There are some issues within WRC 8, and they're not small, but the game is otherwise so good that it's easy to overlook them. For all the times your engine switches to stealth mode or a fence post sends you into low Earth orbit, there are hundreds of times when you are blissfully guiding your car into a drift around a dusty apex in Argentina, or masterfully twisting through a series of highly technical corners during heavy rain. The vehicle handling is so good — and that is so important for a rally game — that even with its flaws, WRC 8 is likely the high bar that other rally games should aspire to.
Greedfall is a tough game to judge. It's neither bad nor great. It comes staggeringly close to greatness in a number of areas, but it just lacks the polish or ambition to go further. If you're looking for a nostalgic trip back to the mid-2000s style of WRPGs, then you'll find a lot to like in Greedfall. It's worth a shot if you're a fan of that style of games. In a year that gave us titles like Disco Elysium, it's difficult to be particularly impressed by something that is merely standard.
Death Stranding is not for everyone. This isn't the first game that asks players to push through and grind. Ask anyone who's played Sekiro: Shadows Die Twice. But that game asks you to fight through chaos and fury. Death Stranding asks you to embrace the process of work and the journey, trusting that you'll feel rewarded at the end. For my part, I did. If you think of a Kojima game as an event, then you should know what you're signing up for. That's the best way to enjoy it. If not, you'll be in the middle of a beautiful landscape, wondering what the hell you're doing out there, maybe even a little stranded.
While the art, gameplay and music are fine, it feels like EA made a game so exclusively for children that their parents won't want to play it with them, leaving them to be influenced alone. Even if you can tolerate the tone and have the wherewithal to not spend too much money on DLC, Neighborville is fine. It just won't be your best purchase EVAR.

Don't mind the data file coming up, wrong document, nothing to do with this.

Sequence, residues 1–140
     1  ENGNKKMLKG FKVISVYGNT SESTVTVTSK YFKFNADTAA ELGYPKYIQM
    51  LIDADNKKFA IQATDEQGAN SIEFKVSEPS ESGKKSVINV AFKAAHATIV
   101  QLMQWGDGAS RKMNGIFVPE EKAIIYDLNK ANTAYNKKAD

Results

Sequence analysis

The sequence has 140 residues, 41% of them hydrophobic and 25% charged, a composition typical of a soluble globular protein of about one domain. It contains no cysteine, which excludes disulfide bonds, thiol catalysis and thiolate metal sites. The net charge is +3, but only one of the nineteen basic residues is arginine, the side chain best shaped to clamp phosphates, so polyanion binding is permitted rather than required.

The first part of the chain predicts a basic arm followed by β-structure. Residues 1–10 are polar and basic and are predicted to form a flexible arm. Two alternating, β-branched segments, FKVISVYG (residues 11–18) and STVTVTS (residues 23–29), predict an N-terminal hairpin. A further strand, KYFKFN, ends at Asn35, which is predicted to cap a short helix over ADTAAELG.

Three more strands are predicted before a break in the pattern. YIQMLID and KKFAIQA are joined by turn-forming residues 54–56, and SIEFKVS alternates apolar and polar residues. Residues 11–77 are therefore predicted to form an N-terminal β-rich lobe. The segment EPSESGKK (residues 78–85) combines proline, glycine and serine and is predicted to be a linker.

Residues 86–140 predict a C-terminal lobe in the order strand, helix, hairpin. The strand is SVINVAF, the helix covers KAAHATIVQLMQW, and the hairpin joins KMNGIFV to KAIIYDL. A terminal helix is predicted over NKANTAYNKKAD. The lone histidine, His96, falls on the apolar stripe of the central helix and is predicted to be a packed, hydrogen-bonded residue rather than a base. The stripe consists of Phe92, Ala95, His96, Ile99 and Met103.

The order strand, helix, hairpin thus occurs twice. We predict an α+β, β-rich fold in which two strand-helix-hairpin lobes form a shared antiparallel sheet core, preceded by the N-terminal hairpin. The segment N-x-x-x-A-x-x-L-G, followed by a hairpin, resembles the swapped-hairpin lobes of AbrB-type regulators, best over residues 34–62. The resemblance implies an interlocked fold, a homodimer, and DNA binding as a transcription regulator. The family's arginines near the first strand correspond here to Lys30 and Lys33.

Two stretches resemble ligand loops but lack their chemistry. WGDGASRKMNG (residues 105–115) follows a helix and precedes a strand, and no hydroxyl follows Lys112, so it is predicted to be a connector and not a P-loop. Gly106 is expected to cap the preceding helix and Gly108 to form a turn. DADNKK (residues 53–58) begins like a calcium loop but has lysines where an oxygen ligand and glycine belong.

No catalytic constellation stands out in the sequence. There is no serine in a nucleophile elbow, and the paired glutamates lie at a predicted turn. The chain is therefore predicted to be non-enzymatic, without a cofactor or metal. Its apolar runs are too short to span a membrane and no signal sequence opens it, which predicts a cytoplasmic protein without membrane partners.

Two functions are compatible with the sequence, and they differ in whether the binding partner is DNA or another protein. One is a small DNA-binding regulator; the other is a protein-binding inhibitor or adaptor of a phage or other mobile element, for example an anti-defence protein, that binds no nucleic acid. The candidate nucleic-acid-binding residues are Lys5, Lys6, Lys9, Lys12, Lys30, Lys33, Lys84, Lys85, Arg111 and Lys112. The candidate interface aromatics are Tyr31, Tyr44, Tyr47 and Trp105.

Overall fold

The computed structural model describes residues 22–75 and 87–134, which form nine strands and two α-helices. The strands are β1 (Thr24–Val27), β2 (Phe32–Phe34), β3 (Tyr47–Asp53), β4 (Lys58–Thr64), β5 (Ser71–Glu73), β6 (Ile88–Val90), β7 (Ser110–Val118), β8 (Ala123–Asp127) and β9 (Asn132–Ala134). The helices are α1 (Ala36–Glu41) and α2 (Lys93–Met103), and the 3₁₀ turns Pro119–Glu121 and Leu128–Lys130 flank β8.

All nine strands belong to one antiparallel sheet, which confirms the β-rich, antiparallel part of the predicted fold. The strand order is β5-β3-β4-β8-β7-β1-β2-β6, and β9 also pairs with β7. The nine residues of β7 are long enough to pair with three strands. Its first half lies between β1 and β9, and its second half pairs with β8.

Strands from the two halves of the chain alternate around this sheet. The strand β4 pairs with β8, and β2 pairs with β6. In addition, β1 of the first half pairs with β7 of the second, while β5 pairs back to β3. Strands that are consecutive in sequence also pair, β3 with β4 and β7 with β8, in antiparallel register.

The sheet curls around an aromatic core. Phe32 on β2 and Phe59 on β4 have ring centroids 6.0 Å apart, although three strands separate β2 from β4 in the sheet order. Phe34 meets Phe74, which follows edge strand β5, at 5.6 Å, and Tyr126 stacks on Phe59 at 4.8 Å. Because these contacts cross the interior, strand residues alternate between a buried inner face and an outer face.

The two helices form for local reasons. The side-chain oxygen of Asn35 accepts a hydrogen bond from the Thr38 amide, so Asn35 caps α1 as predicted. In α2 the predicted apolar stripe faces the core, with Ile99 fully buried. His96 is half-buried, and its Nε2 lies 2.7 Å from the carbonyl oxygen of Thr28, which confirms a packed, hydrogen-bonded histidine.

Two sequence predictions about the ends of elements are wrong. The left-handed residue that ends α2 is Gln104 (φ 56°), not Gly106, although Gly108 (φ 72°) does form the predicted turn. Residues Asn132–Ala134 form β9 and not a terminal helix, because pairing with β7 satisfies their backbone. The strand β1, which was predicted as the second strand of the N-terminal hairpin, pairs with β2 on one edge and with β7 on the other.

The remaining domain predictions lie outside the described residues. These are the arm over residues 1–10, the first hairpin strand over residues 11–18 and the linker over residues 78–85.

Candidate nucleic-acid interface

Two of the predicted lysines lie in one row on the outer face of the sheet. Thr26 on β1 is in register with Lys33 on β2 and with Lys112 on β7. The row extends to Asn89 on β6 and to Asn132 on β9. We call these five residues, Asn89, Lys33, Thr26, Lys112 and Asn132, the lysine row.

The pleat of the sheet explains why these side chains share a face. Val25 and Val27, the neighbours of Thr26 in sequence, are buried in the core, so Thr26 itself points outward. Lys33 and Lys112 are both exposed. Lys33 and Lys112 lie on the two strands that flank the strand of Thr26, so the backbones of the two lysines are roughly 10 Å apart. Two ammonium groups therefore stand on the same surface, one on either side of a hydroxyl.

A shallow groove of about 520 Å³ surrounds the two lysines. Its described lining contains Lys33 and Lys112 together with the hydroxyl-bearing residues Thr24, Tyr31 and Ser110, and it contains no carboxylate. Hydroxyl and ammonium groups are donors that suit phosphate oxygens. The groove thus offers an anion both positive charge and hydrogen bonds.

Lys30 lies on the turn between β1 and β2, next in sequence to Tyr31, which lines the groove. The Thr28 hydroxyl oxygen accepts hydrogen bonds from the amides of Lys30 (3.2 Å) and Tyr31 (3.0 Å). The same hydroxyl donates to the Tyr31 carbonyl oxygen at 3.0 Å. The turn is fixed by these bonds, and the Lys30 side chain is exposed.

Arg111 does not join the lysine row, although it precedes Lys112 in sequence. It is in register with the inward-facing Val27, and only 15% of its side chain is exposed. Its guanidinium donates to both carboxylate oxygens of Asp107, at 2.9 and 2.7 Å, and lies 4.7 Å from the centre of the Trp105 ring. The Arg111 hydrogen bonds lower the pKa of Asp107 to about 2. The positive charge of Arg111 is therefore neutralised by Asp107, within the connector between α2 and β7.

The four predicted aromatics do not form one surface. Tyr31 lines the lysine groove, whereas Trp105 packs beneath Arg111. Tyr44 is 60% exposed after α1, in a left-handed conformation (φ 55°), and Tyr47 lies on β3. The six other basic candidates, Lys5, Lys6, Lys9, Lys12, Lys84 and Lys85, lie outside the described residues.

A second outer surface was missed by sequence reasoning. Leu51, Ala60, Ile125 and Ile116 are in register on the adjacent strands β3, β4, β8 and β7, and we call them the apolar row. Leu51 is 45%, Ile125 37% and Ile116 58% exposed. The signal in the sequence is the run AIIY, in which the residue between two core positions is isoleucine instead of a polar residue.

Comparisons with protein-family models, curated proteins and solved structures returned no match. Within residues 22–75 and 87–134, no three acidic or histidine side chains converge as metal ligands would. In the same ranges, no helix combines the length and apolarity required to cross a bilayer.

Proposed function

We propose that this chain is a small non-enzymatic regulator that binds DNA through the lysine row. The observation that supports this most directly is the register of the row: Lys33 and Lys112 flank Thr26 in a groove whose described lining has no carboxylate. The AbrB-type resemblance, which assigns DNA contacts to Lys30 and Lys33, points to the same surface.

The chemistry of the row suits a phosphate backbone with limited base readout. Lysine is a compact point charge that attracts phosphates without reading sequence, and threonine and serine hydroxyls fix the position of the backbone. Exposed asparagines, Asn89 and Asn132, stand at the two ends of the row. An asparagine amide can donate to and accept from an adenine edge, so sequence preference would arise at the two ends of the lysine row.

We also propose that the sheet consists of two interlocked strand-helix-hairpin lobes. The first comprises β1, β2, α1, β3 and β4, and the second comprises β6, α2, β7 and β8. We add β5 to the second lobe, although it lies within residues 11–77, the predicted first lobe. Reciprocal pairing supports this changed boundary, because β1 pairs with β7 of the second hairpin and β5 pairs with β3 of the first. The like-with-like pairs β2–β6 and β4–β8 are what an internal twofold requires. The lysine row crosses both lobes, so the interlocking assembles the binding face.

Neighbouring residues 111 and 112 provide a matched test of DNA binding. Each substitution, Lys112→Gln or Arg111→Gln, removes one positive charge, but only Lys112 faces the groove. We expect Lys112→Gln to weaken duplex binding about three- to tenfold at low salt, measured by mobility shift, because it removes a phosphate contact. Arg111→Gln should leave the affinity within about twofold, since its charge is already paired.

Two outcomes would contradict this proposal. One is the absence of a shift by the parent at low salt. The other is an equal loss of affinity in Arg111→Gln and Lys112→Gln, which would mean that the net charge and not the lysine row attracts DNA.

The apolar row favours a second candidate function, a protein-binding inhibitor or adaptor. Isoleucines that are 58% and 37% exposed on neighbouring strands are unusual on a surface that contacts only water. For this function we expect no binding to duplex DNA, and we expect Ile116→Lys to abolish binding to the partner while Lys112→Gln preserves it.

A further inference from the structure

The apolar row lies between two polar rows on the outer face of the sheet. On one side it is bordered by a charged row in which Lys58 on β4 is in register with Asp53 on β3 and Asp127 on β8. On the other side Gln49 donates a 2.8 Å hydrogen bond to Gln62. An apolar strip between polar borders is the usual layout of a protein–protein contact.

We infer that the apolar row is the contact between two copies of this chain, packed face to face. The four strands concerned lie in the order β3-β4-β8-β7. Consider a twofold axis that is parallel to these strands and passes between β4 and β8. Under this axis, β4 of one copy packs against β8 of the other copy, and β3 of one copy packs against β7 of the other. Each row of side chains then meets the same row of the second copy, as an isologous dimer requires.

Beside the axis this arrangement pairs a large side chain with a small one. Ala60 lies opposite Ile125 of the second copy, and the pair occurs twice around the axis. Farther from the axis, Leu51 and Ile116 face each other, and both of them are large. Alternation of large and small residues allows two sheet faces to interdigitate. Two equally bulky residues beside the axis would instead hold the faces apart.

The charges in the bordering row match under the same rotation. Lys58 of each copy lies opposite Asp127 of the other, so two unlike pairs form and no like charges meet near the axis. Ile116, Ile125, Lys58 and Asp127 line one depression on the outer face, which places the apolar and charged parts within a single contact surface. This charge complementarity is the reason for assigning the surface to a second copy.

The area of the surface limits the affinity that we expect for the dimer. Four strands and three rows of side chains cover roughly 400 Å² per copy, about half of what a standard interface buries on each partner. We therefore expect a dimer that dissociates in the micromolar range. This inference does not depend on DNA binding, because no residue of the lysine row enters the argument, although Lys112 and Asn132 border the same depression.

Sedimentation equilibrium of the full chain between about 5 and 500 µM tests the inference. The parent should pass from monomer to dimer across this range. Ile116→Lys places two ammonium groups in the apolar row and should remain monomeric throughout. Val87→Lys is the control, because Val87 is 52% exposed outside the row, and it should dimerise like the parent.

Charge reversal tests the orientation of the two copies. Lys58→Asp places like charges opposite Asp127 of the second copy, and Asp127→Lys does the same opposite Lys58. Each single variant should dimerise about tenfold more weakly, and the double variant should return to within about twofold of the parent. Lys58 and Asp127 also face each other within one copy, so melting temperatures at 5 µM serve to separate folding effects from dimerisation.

All in all, The Surge 2 is a great game to pick up if you're looking for a more arcade-like take on the Dark Souls formula. It's a fun and engaging game with a solid combat system and enjoyable mechanics, and it's only dragged down by a mediocre story and lackluster environments. With the excellent improvements from The Surge to The Surge 2, the franchise is well on its way to standing tall in the Soulsborne genre. It's well worth playing if you're an aficionado of this genre and don't mind dying a few times.
It isn't extraordinary, but Sniper: Ghost Warrior Contracts is a solid game. The majority of the gunplay is basic, but it pales in comparison to the attention paid to the sniping and the variety of gun mechanics. The enemy AI works fine even if they sometimes act dumb, and the environments make the missions more interesting. The lack of polish in a few parts of the presentation and some interesting quirks bring down the game, but overall, Contracts is worth checking out if you can temper your expectations.
Valfaris is solid. The pacing is great, and with the exception of the back half, the difficulty curve isn't too bad. The juggling of weapons in relation to their balance is well done, and the constant boss fights are a fulfilling challenge once you overcome each foe. Provided you enjoy the Nintendo-hard games of the past, Valfaris is well worth checking out.
Ion Fury is an old-school shooting fan's dream. All of the mechanics are intact, from non-regenerative health to the ability to carry a full arsenal of weapons, and the level design feels intuitive and encourages exploration without needing waypoints. Some of the new mechanics fit in well, but a few, like the need to reload, only increase the difficulty on a tough game. Seeing all of this done on a decades-old engine is enough to convince you of the versatility of those old FPS engines. Unless you hate the old FPS style, Ion Fury is a must-have for your gaming library.